The Cannes Film Festival is a celebration of some of the most forward-thinking movies in the contemporary industry, as well as one of the most peculiar events in every movie lover’s calendar. Home to several strange traditions, not least the mass walkouts of controversial feature films and the extended standing ovations that establish the best movies of the festival, Cannes has long been considered cinema’s stuffiest event.
With the boldest headlines of the festival consistently going to the films that were clapped and booed with the most enthusiasm, the length to which Cannes audiences will clap and cheer in order to get their opinion across is quite staggering.
Clocking in applause at a comically long duration of 22 minutes, the prize for the movie which has received the longest standing ovation goes to Guillermo del Toro’s fantasy drama Pan’s Labyrinth. Starring Ivana Baquero, Doug Jones and Sergi López in a story of war and imaginative escapism, it’s hard to believe that the Cannes crowd managed to clap for quite that long without the need for at least a two-minute break.
Though the applause for Pan’s Labyrinth is extraordinary, the length of the clapping wasn’t unprecedented, with several other movies also earning a standing ovation over 10-minutes long throughout the years.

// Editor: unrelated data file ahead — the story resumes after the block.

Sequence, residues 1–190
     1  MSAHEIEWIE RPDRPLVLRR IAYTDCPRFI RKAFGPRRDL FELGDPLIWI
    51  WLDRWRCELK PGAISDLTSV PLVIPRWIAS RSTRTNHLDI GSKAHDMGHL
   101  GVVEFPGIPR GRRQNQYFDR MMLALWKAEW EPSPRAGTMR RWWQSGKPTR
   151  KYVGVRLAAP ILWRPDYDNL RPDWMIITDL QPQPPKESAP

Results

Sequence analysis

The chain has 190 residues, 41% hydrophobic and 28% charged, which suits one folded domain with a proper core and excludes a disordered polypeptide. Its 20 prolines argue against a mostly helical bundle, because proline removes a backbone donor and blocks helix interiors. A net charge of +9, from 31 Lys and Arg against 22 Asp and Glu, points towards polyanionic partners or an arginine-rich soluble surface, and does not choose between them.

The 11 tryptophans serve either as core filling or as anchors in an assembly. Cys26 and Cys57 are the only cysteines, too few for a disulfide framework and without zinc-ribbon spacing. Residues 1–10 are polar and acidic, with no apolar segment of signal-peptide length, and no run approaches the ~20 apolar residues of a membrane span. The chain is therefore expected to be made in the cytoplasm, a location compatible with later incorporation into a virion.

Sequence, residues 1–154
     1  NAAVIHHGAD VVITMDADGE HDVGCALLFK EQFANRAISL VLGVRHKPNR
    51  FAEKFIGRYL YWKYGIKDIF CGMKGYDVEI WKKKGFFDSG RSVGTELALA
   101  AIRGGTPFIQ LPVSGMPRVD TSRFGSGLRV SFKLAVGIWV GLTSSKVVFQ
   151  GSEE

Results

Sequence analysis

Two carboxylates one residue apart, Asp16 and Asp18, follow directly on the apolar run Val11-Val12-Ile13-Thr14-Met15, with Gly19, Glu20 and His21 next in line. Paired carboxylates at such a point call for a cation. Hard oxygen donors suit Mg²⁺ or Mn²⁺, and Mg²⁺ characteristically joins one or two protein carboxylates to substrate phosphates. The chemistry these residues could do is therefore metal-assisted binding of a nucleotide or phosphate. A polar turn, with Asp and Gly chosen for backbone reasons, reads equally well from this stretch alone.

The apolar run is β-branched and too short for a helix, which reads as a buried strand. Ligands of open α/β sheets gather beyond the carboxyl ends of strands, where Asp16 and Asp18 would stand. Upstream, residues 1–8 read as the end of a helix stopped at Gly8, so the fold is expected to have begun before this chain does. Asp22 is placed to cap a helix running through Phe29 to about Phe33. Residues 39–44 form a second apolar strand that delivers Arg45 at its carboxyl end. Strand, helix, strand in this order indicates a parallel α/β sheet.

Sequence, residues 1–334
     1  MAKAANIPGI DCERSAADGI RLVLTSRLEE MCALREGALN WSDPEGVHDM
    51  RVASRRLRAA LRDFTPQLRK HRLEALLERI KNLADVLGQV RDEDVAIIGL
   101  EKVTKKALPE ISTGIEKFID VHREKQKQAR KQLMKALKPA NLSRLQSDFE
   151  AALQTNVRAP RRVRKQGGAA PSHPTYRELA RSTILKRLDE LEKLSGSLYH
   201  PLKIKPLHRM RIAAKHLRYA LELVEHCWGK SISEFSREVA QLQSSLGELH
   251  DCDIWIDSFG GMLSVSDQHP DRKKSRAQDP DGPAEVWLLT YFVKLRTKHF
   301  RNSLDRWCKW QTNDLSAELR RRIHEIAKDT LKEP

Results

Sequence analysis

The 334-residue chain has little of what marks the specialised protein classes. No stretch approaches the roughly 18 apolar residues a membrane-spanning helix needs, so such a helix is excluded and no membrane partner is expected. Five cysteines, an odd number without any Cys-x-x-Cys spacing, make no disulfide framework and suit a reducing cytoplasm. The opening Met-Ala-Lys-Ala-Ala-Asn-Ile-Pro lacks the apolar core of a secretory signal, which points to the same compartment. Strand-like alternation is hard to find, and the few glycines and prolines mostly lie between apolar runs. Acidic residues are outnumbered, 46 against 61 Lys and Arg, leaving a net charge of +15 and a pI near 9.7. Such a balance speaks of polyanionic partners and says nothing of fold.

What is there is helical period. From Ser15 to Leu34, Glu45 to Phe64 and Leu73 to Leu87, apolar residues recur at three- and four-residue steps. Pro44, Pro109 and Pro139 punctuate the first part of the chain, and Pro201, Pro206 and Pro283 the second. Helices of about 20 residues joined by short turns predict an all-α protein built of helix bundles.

In second place on the peculiar winners list is the Michael Moore documentary Fahrenheit 9/11, a film that broke down the failures of President George W. Bush in the war against terror. Clocking in 20 minutes of Cannes applause at the 2004 festival, there must be something about the American filmmaker’s style that warrants clapping, with his 2002 movie Bowling for Columbine also appearing in the top 10 list thanks to a 13 minute clap-a-thon.
Whilst the aforementioned films are regarded as contemporary classics, the remainder of the top 10 list throws in several significant surprises, with the Cannes audience seemingly choosing which film to give a lengthy clap to at random.
For example, whilst Pan’s Labyrinth and Fahrenheit 9/11 are the only films to break the 20 minutes barrier, the decidedly average Jeff Nichols film Mud came unusually close in 2012, clocking in 18 minutes of clap time. Similarly, Nicolas Winding Refn’s 2016 movie The Neon Demon also put up good numbers with a 17-minute applause, whilst the Zac Efron disappointment The Paperboy recorded 15-minutes.
Take a look at the full list of the ten longest standing ovations in Cannes history, below, and marvel at the true peculiarity of Cannes’ strangest tradition.
The 10 longest standing ovations in Cannes history:
- Pan’s Labyrinth (Guillermo del Toro, 2006) – 22 minutes
- Fahrenheit 9/11 (Michael Moore, 2004) – 20 minutes
- Mud (Jeff Nichols, 2012) – 18 minutes
- The Neon Demon (Nicolas Winding Refn, 2016) – 17 minutes
- Capernaum (Nadine Labaki, 2018) – 15 minutes
- The Paperboy (Lee Daniels, 2012) – 15 minutes
- Bowling for Columbine (Michael Moore, 2003) – 13 minutes
- The Artist (Michel Hazanavicius, 2012) – 12 minutes
- Inglourious Basterds (Quentin Tarantino, 2009) – 11 minutes
- BlacKkKlansman (Spike Lee, 2018) – 10 minutes